There are a couple of things to note here. The first is that Moses and Aaron came out of Egypt as already elderly individuals, aged 80 and 83, respectively (Exodus 7:7). Another key biblical point to consider is that Joshua, as one of the faithful spies of the Promised Land (together with Caleb), was spared the curse of death while wandering in the wilderness—a curse of death applied two years into the sojourn, to all aged 20 and upward (Numbers 14, Deuteronomy 2:14). So, Joshua must have been out of his teenage years at this time in order to have to be spared from the curse.

The only chronological information we have about Joshua is that he was 110 years old when he died. We know from Joshua 14:7 that his compatriot Caleb was 40 years old when he was sent as a spy (Joshua 14:7). Still, the language of this chapter, in which Caleb persuades Joshua to let him lead a charge against a certain territory in spite of his old age, implies that Joshua was most likely younger, if not by quite a margin, than Caleb. Indeed, Exodus 33:11 calls Joshua a “young man” at the time of the giving of the Law at Mount Sinai. Thus, conceivably Joshua was likely between the ages of 20 and 30 at the time of the Exodus. (Compared, again, to the 80-year-old Moses and 83-year-old Aaron.)

The Bible does not give specifics about the ages of begettal of Moses’ or Joshua’s ancestors. Regarding Moses, however, at least the lifespans of his ancestors are given—all comparatively long (137, 133 and 137).

The standard interpretation for the length of the Israelite sojourn in Egypt (as recognized in Judaism, and at least several branches of Christianity) is that it lasted about 210 to 215 years from the descent of Jacob and his family to the Exodus (within a wider 400- and 430-year sum, starting from the time of God’s promise to Abraham—as described in Genesis 15, Exodus 12:40 and Galatians 3:16-17; an article with more detail on this subject is forthcoming). Given the long lifespans mentioned above, it is not hard to see how a fourth generation—and a specifically elderly fourth generation—could come out on the other side of these 215 years.

But by the same token, it is not hard to see how a twelfth generation—and a young twelfth generation at that—could also come out on the other side.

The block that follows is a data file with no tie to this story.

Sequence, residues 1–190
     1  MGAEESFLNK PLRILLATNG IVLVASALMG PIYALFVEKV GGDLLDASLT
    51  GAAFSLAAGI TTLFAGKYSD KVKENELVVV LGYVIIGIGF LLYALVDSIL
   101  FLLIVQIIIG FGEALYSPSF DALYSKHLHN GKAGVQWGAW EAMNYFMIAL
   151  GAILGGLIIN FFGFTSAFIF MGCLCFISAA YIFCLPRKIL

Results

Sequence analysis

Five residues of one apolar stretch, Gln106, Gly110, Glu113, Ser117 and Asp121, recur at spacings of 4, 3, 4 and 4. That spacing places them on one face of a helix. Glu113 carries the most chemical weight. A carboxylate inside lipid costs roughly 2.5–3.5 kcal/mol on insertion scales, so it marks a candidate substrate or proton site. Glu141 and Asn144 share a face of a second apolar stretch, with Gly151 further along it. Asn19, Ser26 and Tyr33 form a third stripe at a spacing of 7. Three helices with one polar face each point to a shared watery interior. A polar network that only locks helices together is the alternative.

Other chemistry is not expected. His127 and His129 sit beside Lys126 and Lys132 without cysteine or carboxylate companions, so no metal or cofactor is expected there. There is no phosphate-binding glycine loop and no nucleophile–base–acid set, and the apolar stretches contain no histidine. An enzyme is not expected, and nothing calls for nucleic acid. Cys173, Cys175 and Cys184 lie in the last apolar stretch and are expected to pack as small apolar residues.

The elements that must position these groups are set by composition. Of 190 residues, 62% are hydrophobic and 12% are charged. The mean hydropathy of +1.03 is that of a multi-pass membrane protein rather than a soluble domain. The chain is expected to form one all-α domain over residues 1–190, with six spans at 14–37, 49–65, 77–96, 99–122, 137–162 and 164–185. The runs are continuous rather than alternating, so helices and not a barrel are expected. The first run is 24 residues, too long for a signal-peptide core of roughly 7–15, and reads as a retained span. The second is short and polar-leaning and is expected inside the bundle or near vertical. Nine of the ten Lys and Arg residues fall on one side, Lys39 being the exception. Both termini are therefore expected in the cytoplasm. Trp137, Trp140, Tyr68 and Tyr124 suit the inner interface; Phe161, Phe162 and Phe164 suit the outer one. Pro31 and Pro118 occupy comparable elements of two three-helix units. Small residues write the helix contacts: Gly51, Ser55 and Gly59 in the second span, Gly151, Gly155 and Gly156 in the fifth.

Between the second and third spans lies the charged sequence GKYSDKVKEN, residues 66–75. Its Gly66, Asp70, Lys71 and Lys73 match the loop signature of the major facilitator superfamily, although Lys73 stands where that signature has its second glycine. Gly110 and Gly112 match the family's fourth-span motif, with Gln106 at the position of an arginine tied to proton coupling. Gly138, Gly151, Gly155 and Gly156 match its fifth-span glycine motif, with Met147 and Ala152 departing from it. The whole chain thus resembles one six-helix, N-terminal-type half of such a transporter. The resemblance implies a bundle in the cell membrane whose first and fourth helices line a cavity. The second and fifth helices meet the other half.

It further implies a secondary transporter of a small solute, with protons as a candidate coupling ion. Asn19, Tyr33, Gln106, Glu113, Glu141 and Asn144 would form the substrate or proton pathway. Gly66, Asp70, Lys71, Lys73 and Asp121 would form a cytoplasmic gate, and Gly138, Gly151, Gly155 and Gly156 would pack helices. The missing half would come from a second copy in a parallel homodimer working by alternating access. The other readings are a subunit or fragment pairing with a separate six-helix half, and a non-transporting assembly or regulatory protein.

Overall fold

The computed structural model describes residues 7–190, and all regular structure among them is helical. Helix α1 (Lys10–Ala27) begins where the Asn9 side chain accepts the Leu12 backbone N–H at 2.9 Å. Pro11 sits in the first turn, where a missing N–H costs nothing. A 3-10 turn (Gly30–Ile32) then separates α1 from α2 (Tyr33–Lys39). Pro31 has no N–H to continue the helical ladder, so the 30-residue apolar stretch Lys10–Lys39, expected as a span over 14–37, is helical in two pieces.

Assuming for the “young man” Joshua a round age of 20 at the time of the Exodus, and the fact that Ephraim, his 11th-generation ancestor, was already on the scene at the time of Jacob’s descent into Egypt, this would leave us with nine generations between Ephraim and Joshua to fit within a total 195-year period (215 - 20 = 195). This gives us around 20 years per generation—nothing out of the ordinary here.

Conversely, for Moses, 215 - 80 = 135 years minimum to fit the two generations between himself and the patriarch Levi. Splitting the difference means that each generation would have been conceived at a minimum age in the late 60s—an age of begettal that is hardly blinked at in the Bible genealogies, and one that is not even remarkable today.

Bernie Ecclestone and Vladimir Putin (with whom he shares a friendship) in 2014
kremlin.ru

A case in point for these two very differently-spaced, yet concurrent lineages can be made from two modern English families. Example one is the famous business magnate and former Formula One chief executive Bernie Ecclestone, who in 2020—just weeks before his 90th birthday—welcomed a fourth child with his third wife. A single generational gap, here, of 90 years! Compare this to the opposite end of the spectrum, over roughly the same time period, with the relatively recent news out of England that “[a]nother British family have become members of the six-generation club”—with 96-year-old Lily Fitzgerald welcoming a great-great-great grandson. In the case of the former example, 90 years to go from one generation to the next; in the case of the latter, 96 years from one generation to the sixth. (Other examples could be given, such as the seven living generations the famous Bunge family from the United States had at one time.)

So is it accurate to characterize Moses’ four generations against Joshua’s 12, over the course of two centuries, as “hardly a minor discrepancy” elucidated by the “power of logic and reason”?

Hardly.

Let the Stones Speak